A: Me vs Us offer eight reasons why we underfund public health. That is this book’s pointed and I hope helpful contribution to the policy conversation in the U.S. If we don’t recognize these reasons and why they are potent and have taken hold in the public mind, we will not fund public health more except when we have to, when we are in the midst of a crisis, the next pandemic, and by then it is too late to produce optimal effects, as we now know. Public health initiatives do and will disproportionately aid low income people and they should because that is one way to address inequities in this country. Public health work is primarily government work and one of the functions of government should be to reduce the burden of the country’s leading causes of death, which too often fall on the poor.

Q: How do you address critics that say that the financial incentive in investing in youth and community takes too long to pay off, whereas we face pressing medical issues that need funding now? 

A: I’m not sure what pressing medical issues need funding now that at their core do not have underlying social causes and therefore policy solutions. Obesity seems to me the driver of tremendous disability, premature death, lost employment; it is the pressing medical issue. And the ultimate lessening of obesity in America, affecting 50% of the population, are related to food and economic policies. But for return on investment policies that affect children like the Earned Income Tax Credit, are notably effective, and critical if you believe like I do that poverty is the major driver of poor health in America. But taking on large societal problems will always be slow work. And let’s not forget vaccinations, under attack in the US, but an investment in children that saves lives even in the short run.

Q: In Accidental Kindness, you discuss how the medical environment may be improved by increased empathy and humility between doctors and patients. What led you to exploring the interpersonal aspect of medical care?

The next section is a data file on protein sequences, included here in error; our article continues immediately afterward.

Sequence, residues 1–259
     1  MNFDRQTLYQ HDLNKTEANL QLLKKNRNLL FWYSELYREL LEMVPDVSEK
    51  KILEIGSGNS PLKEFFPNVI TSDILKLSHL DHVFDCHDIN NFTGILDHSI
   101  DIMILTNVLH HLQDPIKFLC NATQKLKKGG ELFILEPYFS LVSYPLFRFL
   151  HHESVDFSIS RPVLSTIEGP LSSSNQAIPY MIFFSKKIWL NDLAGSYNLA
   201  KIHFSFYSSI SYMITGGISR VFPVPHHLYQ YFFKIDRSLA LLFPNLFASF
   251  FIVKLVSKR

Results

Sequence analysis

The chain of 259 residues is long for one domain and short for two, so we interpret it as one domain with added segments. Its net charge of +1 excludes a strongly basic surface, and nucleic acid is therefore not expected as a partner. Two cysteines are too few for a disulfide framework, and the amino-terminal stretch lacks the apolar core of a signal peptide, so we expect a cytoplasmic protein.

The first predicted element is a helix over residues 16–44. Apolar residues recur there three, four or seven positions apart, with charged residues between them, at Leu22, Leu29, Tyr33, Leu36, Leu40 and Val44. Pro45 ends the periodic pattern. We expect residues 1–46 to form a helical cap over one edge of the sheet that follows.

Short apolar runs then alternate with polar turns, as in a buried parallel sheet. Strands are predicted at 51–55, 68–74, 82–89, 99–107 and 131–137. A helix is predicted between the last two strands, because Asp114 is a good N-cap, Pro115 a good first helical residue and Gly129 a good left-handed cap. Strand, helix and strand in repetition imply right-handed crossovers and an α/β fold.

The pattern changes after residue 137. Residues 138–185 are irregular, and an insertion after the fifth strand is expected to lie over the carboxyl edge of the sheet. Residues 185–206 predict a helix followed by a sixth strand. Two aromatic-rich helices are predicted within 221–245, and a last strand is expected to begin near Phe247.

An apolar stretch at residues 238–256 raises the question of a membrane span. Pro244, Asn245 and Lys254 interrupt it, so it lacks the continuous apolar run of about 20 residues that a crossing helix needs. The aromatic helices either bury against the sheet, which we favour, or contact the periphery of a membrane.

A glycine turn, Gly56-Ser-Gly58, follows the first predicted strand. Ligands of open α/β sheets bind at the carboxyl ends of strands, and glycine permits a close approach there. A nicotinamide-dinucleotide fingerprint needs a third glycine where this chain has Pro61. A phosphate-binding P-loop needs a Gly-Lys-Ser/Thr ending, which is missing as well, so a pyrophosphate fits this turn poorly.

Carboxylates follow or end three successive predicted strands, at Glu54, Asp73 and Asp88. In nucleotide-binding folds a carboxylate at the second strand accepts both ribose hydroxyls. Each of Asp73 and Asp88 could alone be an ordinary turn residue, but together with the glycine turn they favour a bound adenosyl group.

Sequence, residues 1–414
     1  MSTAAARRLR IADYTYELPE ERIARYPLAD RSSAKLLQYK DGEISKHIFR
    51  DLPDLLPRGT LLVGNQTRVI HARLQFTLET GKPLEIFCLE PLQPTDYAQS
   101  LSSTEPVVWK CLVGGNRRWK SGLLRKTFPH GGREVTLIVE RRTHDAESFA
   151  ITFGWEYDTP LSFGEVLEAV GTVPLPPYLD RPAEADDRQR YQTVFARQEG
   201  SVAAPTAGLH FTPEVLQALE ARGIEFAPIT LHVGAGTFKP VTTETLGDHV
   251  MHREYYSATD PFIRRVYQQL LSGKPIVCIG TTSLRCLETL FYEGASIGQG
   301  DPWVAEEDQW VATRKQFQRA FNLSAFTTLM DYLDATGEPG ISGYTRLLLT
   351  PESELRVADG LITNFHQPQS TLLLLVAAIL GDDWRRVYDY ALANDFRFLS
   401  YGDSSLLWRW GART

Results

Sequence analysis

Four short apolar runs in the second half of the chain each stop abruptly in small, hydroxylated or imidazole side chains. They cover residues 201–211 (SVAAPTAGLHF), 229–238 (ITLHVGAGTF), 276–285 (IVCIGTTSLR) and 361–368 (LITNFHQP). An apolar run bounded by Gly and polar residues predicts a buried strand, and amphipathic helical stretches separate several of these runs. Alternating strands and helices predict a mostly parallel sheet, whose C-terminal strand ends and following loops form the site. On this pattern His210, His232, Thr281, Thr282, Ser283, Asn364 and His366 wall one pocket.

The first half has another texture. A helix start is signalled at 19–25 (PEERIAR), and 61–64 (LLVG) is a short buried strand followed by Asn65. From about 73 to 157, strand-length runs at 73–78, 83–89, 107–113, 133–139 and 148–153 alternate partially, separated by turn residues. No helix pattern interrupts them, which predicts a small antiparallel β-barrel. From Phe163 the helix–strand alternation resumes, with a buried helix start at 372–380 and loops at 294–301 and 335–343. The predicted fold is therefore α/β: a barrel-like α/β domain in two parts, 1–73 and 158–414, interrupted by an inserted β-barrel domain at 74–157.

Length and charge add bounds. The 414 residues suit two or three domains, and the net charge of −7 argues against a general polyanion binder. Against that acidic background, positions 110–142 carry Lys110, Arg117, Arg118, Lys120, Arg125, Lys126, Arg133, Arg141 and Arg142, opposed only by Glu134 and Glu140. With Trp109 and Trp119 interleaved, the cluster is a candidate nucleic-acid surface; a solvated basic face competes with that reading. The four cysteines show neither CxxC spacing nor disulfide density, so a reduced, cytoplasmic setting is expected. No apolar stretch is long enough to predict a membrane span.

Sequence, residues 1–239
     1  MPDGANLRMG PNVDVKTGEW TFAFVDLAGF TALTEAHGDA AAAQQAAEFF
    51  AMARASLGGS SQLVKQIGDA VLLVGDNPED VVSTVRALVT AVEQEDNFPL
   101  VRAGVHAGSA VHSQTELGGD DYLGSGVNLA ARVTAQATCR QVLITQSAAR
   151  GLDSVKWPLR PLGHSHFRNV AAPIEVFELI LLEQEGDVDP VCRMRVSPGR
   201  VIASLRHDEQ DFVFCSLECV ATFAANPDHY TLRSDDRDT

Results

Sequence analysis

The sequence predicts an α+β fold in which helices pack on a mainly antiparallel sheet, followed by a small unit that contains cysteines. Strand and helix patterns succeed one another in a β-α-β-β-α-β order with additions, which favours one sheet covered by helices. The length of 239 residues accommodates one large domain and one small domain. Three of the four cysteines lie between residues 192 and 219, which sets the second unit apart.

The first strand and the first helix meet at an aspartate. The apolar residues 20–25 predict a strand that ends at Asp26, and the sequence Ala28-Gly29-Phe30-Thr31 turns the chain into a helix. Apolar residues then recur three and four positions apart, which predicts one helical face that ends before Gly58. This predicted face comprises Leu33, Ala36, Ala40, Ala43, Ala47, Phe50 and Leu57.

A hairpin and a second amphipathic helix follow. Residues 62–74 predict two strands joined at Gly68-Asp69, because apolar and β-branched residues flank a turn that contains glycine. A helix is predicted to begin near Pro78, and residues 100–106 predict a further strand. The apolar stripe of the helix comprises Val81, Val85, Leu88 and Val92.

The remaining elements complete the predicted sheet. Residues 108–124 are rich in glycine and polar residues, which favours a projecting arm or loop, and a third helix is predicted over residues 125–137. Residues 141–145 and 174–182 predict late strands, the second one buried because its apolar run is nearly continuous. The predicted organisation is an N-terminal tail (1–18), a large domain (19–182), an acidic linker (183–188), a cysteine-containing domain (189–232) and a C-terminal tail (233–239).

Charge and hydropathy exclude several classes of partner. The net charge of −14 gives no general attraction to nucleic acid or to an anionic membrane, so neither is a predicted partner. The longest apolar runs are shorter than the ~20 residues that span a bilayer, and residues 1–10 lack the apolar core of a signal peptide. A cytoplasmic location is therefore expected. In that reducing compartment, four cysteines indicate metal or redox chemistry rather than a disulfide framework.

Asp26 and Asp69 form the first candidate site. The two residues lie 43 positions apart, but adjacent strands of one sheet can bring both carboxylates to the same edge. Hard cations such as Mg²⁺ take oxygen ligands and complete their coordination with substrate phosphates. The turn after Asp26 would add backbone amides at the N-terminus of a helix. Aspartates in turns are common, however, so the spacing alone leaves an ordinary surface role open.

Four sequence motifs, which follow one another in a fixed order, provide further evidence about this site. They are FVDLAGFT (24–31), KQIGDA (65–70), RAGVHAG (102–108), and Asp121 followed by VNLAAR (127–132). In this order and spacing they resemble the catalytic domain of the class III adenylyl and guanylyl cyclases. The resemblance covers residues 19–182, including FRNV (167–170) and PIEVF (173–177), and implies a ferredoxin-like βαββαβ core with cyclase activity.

A: Empathy is one of those words that has increasingly entered our vocabulary in the past few decades. Why? I believe because we want it so badly and see it so little. That’s why we talk about it so much more than we used to. I don’t know what it’s like inside you and you don’t know what it’s like inside me, and to be part of a deep significant conversation with another consciousness, another person, we feel human and unalone, and I get to do this work at my medical office and wanted to put down on the page for others to engage. I’ve always thought that any great book allows a reader to leap over that wall of feeling alone. My book relates stories about how I and other doctors I’ve met have been kind and also unkind, and how and why that happens, and how patients react. Remember, I am an internist who still works in a system of reimbursement which explicitly values surgical procedures more than talking to someone about what matters to them most.

Q: What do you think is the first crucial step in fostering the empathy and humility you advocate?

A: Kindness must always built on top of competence, knowledge, skill. This is what patients expect and what we expect from ourselves as doctors. To provide poor care is to be unkind. Kindness means giving talk and time and being open to the patient experience. It requires attention to patients and their suffering, curiosity—we have to keep asking questions—tolerance, as well as self-reflection, understanding the sources of our unkindness, our negative or positive response to certain patients. We can’t provide all patient needs, but a warm and wholehearted presence can bring comfort. Patients need to know their providers are concerned.  Humility is necessary when there’s no obvious or immediate solution.